CPM pledges Rs 18000 wage
The CPM on Thursday unveiled its election manifesto to reclaim India from creeping fascism with a lyrical challenge set to foot-tapping music that turned the BJP’s “abki baar Modi sarkar” slogan to “abki baar Modi berozgaar (unemployed)” and “abki baar BJP ki haar (defeat)”.
The party, which plans to contest in 71 seats, used the word “lalkaar” (challenge) in its jingle, in a dare reminiscent of the David-versus-Goliath fight.
The CPM has nine MPs in the Lok Sabha now but hopes to play a role in influencing policy if the Opposition manages the numbers to form the government.
The manifesto, which stressed the need for a “policy shift” towards pro-people policies, promises fundamental right to health, legally guaranteed minimum support prices for farm produce, a statutory minimum wage of not less than Rs 18,000 a month, return to a universal public distribution system, constitutional right to work with provision for unemployment allowance, SC/ST quota in private-sector jobs and education, and an increase in the tax on the rich, including restoration of wealth tax for the super-rich and introduction of an inheritance tax.
The party has promised to do away with the death penalty, the colonial-era sedition law that has been a cause of much grief through the Narendra Modi years, bulk surveillance by state agencies and the mandatory use of Aadhaar for all social welfare measures.
This apart, the CPM has promised reforms in the electoral system, including the scrapping of electoral bonds — which the party has challenged in the Supreme Court — besides state funding for election expenses.
It has reiterated its belief that India should shift to a system of proportional representation so that every government voted in represents more than 50 per cent of the electorate.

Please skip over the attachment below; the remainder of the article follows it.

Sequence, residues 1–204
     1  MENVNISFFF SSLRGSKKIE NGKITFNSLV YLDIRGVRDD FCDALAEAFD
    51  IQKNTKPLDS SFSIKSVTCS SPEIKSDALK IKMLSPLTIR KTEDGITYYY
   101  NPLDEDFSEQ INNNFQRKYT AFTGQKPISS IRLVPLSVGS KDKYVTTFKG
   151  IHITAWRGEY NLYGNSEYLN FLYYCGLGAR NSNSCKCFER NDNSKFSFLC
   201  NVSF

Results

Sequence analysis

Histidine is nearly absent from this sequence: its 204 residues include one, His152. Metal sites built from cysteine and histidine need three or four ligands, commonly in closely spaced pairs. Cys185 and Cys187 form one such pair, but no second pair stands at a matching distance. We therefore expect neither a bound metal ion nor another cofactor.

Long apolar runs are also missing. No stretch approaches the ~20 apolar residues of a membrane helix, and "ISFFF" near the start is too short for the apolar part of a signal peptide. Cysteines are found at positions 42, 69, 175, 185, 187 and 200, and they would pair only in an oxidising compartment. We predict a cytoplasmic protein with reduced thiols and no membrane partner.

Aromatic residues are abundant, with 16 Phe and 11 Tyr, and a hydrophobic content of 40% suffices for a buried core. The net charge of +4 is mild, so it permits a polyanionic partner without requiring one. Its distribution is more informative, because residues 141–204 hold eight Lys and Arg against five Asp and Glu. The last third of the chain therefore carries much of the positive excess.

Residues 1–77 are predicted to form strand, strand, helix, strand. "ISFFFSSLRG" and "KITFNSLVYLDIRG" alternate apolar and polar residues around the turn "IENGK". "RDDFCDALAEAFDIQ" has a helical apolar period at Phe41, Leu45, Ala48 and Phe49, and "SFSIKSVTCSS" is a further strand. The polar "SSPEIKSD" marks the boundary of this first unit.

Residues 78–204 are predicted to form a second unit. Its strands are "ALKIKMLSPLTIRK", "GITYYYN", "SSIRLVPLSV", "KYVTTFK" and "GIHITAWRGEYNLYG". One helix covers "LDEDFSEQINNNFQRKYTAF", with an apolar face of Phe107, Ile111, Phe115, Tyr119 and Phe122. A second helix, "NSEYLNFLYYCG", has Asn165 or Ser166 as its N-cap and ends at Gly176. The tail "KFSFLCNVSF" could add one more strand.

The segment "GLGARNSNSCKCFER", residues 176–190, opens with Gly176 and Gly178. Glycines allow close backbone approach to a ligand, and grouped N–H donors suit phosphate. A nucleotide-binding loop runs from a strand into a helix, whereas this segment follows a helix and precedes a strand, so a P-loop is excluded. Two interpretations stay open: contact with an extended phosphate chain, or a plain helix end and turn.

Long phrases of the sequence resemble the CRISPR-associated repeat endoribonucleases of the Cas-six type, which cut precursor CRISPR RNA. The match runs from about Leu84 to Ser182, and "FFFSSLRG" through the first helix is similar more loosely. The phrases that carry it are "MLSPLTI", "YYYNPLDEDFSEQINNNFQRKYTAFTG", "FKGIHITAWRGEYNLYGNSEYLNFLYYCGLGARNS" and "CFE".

Asked how the socio-economic promises would be implemented, considering the limitations of the Fiscal Responsibility and Budget Management (FRBM) Act, CPM general secretary Sitaram Yechury pointed to the “profligacy of the Modi government” — especially in advertising itself.
Laws alone, he said, cannot enforce fiscal responsibility. “In the name of this law, you cannot stop elected state governments from drawing on revenue to deliver on promises made.”
Yechury contested the description of promises made for the poor and the marginalised as “freebies” and cited an example of what he felt were freebies.
“These are freebies,” he said, citing the bids the Adani Group had bagged to operate five airports at the fag end of the Modi government.
On Prime Minister Modi raising the issue of national security on his first day on the campaign trail, Yechury said: “National security also includes food and job security.”
The CPM thinks it is the BJP that is politicising security issues. “The government is falling into the trap of terrorists by using terrorism to divide the country,” Yechury said.